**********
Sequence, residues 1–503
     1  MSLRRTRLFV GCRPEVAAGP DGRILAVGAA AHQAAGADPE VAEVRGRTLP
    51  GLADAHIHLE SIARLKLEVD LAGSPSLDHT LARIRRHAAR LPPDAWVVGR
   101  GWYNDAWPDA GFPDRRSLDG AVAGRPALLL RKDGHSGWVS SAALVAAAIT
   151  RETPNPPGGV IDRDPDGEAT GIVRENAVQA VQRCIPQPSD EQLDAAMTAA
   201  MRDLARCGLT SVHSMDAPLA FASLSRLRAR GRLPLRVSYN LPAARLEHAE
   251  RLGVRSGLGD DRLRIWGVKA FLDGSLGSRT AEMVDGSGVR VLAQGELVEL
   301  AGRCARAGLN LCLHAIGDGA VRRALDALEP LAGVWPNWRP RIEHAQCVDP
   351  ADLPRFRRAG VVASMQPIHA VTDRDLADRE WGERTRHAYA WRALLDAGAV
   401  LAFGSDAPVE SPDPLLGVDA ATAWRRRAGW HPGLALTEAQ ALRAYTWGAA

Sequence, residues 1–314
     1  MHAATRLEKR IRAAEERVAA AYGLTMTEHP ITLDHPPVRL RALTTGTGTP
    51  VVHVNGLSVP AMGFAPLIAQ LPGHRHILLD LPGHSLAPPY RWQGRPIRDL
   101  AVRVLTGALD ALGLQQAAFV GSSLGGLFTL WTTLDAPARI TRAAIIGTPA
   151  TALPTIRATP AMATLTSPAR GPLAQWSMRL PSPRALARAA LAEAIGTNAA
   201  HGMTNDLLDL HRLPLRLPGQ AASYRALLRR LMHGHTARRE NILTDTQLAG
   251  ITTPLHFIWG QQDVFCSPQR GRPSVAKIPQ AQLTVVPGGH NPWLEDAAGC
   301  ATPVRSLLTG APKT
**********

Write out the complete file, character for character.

Sequence, residues 1–503
     1  MSLRRTRLFV GCRPEVAAGP DGRILAVGAA AHQAAGADPE VAEVRGRTLP
    51  GLADAHIHLE SIARLKLEVD LAGSPSLDHT LARIRRHAAR LPPDAWVVGR
   101  GWYNDAWPDA GFPDRRSLDG AVAGRPALLL RKDGHSGWVS SAALVAAAIT
   151  RETPNPPGGV IDRDPDGEAT GIVRENAVQA VQRCIPQPSD EQLDAAMTAA
   201  MRDLARCGLT SVHSMDAPLA FASLSRLRAR GRLPLRVSYN LPAARLEHAE
   251  RLGVRSGLGD DRLRIWGVKA FLDGSLGSRT AEMVDGSGVR VLAQGELVEL
   301  AGRCARAGLN LCLHAIGDGA VRRALDALEP LAGVWPNWRP RIEHAQCVDP
   351  ADLPRFRRAG VVASMQPIHA VTDRDLADRE WGERTRHAYA WRALLDAGAV
   401  LAFGSDAPVE SPDPLLGVDA ATAWRRRAGW HPGLALTEAQ ALRAYTWGAA

Sequence, residues 1–314
     1  MHAATRLEKR IRAAEERVAA AYGLTMTEHP ITLDHPPVRL RALTTGTGTP
    51  VVHVNGLSVP AMGFAPLIAQ LPGHRHILLD LPGHSLAPPY RWQGRPIRDL
   101  AVRVLTGALD ALGLQQAAFV GSSLGGLFTL WTTLDAPARI TRAAIIGTPA
   151  TALPTIRATP AMATLTSPAR GPLAQWSMRL PSPRALARAA LAEAIGTNAA
   201  HGMTNDLLDL HRLPLRLPGQ AASYRALLRR LMHGHTARRE NILTDTQLAG
   251  ITTPLHFIWG QQDVFCSPQR GRPSVAKIPQ AQLTVVPGGH NPWLEDAAGC
   301  ATPVRSLLTG APKT